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    2. Knowsie, when you are driving on the motorway are you looking at the road ahead or the speedometer needle to make sure you don't stray over 70mph?

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    3. A competent and experienced driver is able to judge his/her speed with only a small margin of error. Constantly watching the speedometer needle suggests a level of "competence" rendering the driver unsuitable to have a licence.

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    4. That's why cars can speed in residential roads ...

      And you think that a big sign with 20 on it will deter the boy racers? The signs with 30 on them don't seem to work so what is so magic about the others?

      A competent and experienced driver is able to judge his/her speed with only a small margin of error.

      And lots of drivers make emergency brake applications every time they encounter a Gatso camera although they are driving at or (well) below the speed limit ...

      Motorway driving is entirely different to driving in town. Even so, assuming a clear road, changes in road surface, gradients, etc. will have an effect on speed. Ask anybody who has driven a car with cruise control about their first reactions and invariably it will be the surprise at the sudden burst of power at the foot of a rising gradient.

      Another factor frequently overlooked is that the average speedometer reads ~5mph slow at 70mph so the speed of driver who sticks to a notional 70 can vary without any danger of exceeding the actual limit.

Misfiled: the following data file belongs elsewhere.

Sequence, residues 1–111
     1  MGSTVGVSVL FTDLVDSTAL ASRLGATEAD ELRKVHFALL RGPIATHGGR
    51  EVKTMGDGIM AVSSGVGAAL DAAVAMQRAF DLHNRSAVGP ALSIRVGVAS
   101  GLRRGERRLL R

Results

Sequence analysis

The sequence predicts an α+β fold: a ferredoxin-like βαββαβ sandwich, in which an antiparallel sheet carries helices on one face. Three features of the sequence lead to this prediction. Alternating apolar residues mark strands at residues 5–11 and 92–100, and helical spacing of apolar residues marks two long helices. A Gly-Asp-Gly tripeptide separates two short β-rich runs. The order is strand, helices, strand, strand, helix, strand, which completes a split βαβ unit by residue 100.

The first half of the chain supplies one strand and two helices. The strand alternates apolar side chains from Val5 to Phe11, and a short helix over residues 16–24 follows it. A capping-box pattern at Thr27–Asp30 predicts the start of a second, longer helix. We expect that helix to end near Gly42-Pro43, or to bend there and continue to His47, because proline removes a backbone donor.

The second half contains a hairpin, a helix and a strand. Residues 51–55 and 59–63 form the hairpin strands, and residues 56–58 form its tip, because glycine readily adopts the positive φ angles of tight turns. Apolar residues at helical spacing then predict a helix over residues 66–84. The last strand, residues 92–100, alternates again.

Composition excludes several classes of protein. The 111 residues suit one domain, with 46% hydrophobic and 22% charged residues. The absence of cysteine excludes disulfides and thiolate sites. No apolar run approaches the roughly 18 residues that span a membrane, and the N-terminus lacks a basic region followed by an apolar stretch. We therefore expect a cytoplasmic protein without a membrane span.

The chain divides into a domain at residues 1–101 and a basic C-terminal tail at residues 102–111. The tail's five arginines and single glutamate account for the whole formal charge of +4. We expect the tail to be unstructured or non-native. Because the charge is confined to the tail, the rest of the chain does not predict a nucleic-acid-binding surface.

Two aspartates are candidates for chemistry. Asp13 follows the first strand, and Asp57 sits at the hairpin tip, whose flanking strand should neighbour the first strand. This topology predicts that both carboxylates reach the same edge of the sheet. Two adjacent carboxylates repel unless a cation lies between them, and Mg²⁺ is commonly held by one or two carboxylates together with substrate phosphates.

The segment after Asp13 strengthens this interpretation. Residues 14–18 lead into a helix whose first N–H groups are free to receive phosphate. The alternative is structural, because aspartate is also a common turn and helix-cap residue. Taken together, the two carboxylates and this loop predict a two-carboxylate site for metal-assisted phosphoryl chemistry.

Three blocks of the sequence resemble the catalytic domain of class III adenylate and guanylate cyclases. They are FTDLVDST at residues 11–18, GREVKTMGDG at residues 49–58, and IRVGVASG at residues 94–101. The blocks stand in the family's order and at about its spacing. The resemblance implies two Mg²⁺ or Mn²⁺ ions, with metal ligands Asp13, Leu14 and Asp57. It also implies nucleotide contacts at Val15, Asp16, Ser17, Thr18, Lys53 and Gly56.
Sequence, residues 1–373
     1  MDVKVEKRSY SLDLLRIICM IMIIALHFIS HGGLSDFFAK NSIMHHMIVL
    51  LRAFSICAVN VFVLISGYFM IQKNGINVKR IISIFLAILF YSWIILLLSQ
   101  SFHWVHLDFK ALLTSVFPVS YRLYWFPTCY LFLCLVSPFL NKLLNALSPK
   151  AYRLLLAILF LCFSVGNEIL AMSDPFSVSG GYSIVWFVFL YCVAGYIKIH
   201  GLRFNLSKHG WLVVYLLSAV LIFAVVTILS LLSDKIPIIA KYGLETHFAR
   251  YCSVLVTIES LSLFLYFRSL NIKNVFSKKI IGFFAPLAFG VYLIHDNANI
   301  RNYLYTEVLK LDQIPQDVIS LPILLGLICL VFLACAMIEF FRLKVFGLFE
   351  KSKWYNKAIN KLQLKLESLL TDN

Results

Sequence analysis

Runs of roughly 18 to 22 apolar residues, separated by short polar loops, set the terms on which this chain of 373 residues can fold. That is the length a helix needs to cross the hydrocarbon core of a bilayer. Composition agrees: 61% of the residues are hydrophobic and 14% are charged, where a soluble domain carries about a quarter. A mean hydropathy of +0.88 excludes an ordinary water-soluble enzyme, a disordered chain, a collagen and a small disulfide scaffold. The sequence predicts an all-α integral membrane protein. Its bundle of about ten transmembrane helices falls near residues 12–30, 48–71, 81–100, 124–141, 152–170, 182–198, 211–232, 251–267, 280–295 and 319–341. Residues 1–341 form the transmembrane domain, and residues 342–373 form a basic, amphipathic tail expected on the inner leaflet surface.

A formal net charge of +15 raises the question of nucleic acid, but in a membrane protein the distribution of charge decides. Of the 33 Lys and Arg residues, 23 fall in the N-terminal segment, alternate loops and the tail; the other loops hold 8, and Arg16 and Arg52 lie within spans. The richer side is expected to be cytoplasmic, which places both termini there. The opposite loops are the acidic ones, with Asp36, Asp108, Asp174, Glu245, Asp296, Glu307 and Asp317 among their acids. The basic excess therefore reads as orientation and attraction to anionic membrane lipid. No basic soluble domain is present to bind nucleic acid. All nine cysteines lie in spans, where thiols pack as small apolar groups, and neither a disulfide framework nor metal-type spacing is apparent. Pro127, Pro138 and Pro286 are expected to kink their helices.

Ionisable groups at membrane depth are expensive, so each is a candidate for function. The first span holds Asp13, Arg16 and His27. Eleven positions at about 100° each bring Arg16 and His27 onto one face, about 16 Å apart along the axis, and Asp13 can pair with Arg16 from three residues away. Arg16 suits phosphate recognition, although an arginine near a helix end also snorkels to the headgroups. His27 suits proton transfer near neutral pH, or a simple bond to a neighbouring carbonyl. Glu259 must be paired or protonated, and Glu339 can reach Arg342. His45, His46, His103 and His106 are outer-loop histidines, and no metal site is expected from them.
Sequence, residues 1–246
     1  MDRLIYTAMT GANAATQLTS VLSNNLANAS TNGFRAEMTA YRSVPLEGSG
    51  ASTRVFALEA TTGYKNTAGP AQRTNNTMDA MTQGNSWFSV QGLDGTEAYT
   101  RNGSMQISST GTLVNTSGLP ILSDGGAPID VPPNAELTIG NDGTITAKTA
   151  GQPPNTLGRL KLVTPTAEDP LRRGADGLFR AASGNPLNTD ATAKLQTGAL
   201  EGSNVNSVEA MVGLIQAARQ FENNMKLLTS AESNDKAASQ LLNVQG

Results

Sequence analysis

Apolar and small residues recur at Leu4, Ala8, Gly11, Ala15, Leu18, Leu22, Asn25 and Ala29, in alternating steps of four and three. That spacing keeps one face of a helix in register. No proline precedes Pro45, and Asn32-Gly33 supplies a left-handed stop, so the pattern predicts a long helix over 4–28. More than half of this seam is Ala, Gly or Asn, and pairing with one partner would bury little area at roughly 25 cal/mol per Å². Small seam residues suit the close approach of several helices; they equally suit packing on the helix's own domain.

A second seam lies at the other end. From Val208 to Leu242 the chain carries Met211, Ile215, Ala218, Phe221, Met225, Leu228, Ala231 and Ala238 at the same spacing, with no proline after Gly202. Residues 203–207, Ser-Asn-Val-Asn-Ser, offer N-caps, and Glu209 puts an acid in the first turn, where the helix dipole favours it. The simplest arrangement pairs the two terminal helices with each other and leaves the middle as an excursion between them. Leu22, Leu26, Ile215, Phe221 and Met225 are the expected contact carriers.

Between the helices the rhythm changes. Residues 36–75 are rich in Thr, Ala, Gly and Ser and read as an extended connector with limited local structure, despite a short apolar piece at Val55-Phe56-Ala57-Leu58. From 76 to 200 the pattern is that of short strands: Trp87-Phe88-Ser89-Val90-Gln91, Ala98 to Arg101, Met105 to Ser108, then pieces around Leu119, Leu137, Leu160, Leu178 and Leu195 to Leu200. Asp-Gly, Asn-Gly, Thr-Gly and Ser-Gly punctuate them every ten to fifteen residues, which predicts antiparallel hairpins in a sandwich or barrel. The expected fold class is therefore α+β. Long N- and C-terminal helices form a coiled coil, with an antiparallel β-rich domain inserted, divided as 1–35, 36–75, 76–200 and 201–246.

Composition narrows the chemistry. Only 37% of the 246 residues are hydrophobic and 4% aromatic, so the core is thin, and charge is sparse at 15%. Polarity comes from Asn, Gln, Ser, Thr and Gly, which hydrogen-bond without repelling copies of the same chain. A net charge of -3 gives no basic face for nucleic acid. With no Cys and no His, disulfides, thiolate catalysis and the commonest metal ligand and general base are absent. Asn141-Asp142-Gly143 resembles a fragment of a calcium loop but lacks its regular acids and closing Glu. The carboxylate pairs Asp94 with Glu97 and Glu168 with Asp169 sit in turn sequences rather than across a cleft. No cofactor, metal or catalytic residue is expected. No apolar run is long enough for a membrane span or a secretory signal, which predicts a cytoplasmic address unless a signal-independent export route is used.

However, it is generally physically impossible to drive at a constant speed on residential roads. Long straights with no hazards are comparatively rare and speeds are continually changing.

      It would be interesting to conduct a series of tests with blanked off speedometers and monitor the speed of drivers asked to drive at a constant 70 and then a constant 20 ...

      If Morris gets his wish to have a copper hiding behind every lamp post the 'Gatso effect' will kick in with lots of drivers terrified that they will get a ticket if the get caught driving at 1mph above the limit ...

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    5. Not sure where you are going with this Knowsie?

      It seems to me that the aim here is to punish the innocent because nobody can be bothered to take the guilty to task ...

      To take the guilty to task you first need to catch them, and to do that you need Morris' coppers with speed guns, the speed limit is irrelevant to this line of argument.

      The fact is that 20mph in residential roads is MUCH safer for pedestrians and is statistically proven. The argument that some people break to law (speed limit) is not an argument for not having the law!